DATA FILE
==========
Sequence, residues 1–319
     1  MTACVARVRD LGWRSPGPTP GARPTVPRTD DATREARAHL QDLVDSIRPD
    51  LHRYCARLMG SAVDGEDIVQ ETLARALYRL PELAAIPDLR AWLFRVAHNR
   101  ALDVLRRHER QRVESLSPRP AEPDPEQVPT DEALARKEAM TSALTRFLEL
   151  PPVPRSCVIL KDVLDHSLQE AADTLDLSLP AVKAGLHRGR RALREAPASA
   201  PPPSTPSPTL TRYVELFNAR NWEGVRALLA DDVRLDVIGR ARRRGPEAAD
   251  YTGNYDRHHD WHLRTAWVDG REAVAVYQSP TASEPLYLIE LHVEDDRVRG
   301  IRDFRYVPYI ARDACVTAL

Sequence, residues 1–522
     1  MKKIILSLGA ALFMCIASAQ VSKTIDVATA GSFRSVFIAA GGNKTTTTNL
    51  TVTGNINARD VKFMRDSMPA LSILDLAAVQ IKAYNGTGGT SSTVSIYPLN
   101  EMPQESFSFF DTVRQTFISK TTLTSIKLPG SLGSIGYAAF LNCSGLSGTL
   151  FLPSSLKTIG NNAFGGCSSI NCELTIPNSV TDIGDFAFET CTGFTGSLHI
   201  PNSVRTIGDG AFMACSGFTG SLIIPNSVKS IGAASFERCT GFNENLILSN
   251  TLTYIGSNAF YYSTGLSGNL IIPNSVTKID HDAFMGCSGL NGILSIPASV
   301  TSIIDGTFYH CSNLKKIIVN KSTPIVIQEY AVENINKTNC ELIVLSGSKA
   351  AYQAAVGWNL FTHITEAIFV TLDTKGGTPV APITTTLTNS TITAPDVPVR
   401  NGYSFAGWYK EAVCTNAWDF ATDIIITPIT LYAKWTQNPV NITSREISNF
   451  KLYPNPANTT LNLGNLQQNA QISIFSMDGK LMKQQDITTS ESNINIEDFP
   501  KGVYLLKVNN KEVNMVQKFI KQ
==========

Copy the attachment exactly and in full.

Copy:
Sequence, residues 1–319
     1  MTACVARVRD LGWRSPGPTP GARPTVPRTD DATREARAHL QDLVDSIRPD
    51  LHRYCARLMG SAVDGEDIVQ ETLARALYRL PELAAIPDLR AWLFRVAHNR
   101  ALDVLRRHER QRVESLSPRP AEPDPEQVPT DEALARKEAM TSALTRFLEL
   151  PPVPRSCVIL KDVLDHSLQE AADTLDLSLP AVKAGLHRGR RALREAPASA
   201  PPPSTPSPTL TRYVELFNAR NWEGVRALLA DDVRLDVIGR ARRRGPEAAD
   251  YTGNYDRHHD WHLRTAWVDG REAVAVYQSP TASEPLYLIE LHVEDDRVRG
   301  IRDFRYVPYI ARDACVTAL

Sequence, residues 1–522
     1  MKKIILSLGA ALFMCIASAQ VSKTIDVATA GSFRSVFIAA GGNKTTTTNL
    51  TVTGNINARD VKFMRDSMPA LSILDLAAVQ IKAYNGTGGT SSTVSIYPLN
   101  EMPQESFSFF DTVRQTFISK TTLTSIKLPG SLGSIGYAAF LNCSGLSGTL
   151  FLPSSLKTIG NNAFGGCSSI NCELTIPNSV TDIGDFAFET CTGFTGSLHI
   201  PNSVRTIGDG AFMACSGFTG SLIIPNSVKS IGAASFERCT GFNENLILSN
   251  TLTYIGSNAF YYSTGLSGNL IIPNSVTKID HDAFMGCSGL NGILSIPASV
   301  TSIIDGTFYH CSNLKKIIVN KSTPIVIQEY AVENINKTNC ELIVLSGSKA
   351  AYQAAVGWNL FTHITEAIFV TLDTKGGTPV APITTTLTNS TITAPDVPVR
   401  NGYSFAGWYK EAVCTNAWDF ATDIIITPIT LYAKWTQNPV NITSREISNF
   451  KLYPNPANTT LNLGNLQQNA QISIFSMDGK LMKQQDITTS ESNINIEDFP
   501  KGVYLLKVNN KEVNMVQKFI KQ